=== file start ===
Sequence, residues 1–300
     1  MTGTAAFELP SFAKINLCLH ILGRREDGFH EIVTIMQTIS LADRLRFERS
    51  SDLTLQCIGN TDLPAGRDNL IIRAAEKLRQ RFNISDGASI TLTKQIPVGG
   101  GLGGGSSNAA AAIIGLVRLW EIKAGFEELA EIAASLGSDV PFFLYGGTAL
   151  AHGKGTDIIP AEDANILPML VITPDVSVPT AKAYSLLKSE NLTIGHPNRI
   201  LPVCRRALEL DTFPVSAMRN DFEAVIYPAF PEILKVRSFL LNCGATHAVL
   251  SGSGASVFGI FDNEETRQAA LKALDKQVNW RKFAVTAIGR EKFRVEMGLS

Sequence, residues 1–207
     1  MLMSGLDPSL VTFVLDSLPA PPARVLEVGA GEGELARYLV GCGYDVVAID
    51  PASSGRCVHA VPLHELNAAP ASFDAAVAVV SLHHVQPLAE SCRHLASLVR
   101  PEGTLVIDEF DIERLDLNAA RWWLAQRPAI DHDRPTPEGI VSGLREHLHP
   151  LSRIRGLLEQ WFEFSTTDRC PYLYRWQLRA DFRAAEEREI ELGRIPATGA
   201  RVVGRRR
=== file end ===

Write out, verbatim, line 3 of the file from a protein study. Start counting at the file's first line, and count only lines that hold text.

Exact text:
    51  SDLTLQCIGN TDLPAGRDNL IIRAAEKLRQ RFNISDGASI TLTKQIPVGG